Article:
#sum #variant #enum #either #type

no-std sum_type

A convenience macro for creating a wrapper enum which may be one of several distinct types

3 unstable releases

Uses old Rust 2015

0.2.0 Jul 14, 2019
0.1.1 Nov 23, 2018
0.1.0 Jul 25, 2018

#1120 in Rust patterns

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MIT license

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sum_type

Build Status license Crates.io Docs.rs

A convenience macro for creating a wrapper enum which may be one of several distinct types


lib.rs:

A convenience macro for creating a wrapper enum which may be one of several distinct types. In type theory, this is often referred to as a sum type.

This crate will work with no_std code.

Examples

Using the sum_type!() macro is rather straightforward. You just define a normal enum inside it and the macro will automatically add a bunch of handy trait implementations.

For convenience, all attributes are passed through and the macro will derive From for each variant.

#[macro_use]
extern crate sum_type;

sum_type! {
    #[derive(Debug, Clone, PartialEq)]
    pub enum MySumType {
        /// The first variant.
        First(u32),
        /// The second variant.
        Second(String),
        /// A list of bytes.
        Third(Vec<u8>),
    }
}

# fn main() {
let first: MySumType = 52.into();
assert_eq!(first, MySumType::First(52));
# }

You can also be lazy and omit the variant name. This will name the variant the same thing as its type.

# #[macro_use]
# extern crate sum_type;
sum_type!{
    pub enum Lazy {
        f32, u32, String,
    }
}
# fn main() {
let s = Lazy::String("Hello World!".to_string());
# }

The SumType trait is also implemented, allowing a basic level of introspection and dynamic typing.

# #[macro_use]
# extern crate sum_type;
use sum_type::SumType;
# sum_type! { #[derive(Debug, Clone, PartialEq)] pub enum MySumType {
#         First(u32), Second(String), Third(Vec<u8>), } }

# fn main() {
let first = MySumType::First(52);

assert_eq!(first.variant(), "First");
assert_eq!(first.variants(), &["First", "Second", "Third"]);
assert!(first.variant_is::<u32>());
assert_eq!(first.downcast_ref::<u32>(), Some(&52));
# }

Assumptions

You need to make sure your type has more than one variant, meaning the following example will fail to compile.

# fn main() {}
#[macro_use]
extern crate sum_type;

sum_type!{
    pub enum OneVariant {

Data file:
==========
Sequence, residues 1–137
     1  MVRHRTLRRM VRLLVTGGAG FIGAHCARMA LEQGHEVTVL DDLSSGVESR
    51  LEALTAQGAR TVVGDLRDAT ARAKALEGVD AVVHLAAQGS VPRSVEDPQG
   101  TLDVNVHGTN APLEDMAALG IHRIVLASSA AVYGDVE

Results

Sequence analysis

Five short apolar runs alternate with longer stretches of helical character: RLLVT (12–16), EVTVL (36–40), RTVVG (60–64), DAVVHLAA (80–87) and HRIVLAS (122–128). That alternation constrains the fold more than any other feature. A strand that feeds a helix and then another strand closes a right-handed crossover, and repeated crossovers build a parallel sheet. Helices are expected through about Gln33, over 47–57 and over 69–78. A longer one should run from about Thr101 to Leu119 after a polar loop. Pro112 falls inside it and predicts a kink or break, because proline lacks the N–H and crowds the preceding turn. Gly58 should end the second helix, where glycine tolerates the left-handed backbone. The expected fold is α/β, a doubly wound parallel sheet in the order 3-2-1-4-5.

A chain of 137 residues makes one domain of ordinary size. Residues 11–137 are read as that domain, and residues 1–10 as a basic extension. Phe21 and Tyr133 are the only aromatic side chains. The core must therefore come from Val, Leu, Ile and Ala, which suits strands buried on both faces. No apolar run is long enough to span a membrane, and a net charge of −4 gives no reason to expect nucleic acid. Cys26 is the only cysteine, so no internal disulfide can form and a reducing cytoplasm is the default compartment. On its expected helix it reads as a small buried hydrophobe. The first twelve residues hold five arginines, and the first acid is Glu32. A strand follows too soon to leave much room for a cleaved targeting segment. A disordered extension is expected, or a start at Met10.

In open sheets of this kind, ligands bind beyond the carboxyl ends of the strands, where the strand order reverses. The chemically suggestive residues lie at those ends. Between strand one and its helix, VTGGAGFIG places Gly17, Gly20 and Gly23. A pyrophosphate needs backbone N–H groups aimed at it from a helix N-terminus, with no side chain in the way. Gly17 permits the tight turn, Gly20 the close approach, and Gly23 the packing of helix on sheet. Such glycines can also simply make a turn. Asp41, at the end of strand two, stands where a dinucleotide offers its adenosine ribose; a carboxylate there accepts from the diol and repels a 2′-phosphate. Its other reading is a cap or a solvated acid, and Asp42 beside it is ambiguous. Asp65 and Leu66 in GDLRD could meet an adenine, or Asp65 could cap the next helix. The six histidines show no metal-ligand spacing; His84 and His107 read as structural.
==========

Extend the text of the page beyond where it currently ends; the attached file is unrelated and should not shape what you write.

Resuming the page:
First(String),
    }
}

The compile_error!() macro is used to give a (hopefully) useful error message.

error: The `OneVariant` type must have more than one variant
  --> src/lib.rs:37:1
   |
7  | / sum_type!{
8  | |     pub enum OneVariant {
9  | |         First(String),
10 | |     }
11 | | }
   | |_^
   |
   = note: this error originates in a macro outside of the current crate

Sum types containing generics, including lifetimes, or which are using visibility modifiers (e.g. pub(crate)) aren't (yet!) supported. That means this will fail:

# fn main() {}
# #[macro_use]
# extern crate sum_type;
sum_type!{
    TypeWithLifetime<'a> {
        First(&'a str),
        Second(usize),
    }
}

And so will this:

# fn main() {}
# #[macro_use]
# extern crate sum_type;
sum_type!{
    pub(crate) ModifiedVisibility {
        First(u32),
        Second(String),
    }
}

Try From

TryFrom is automatically implemented on your sum type to convert it back to one of its variant types.

#[macro_use]
extern crate sum_type;
# fn main() {
# sum_type! { #[derive(Debug, Clone, PartialEq)] pub enum MySumType {
#         First(u32), Second(String), Third(Vec<u8>), } }
use std::convert::TryFrom;

let first = MySumType::First(52);

let as_u32 = u32::try_from(first);
assert_eq!(as_u32, Ok(52));

let second = MySumType::Second(String::from("Not a Vec<u8>"));
let as_vec_u8 = Vec::<u8>::try_from(second);
assert!(as_vec_u8.is_err());

let err = as_vec_u8.unwrap_err();
assert_eq!(err.expected_variant, "Third");
assert_eq!(err.actual_variant, "Second");
# }

The generated_example feature flag will create an example of our MySumType which can be viewed using rustdoc.

No runtime deps

Features

  • generated_example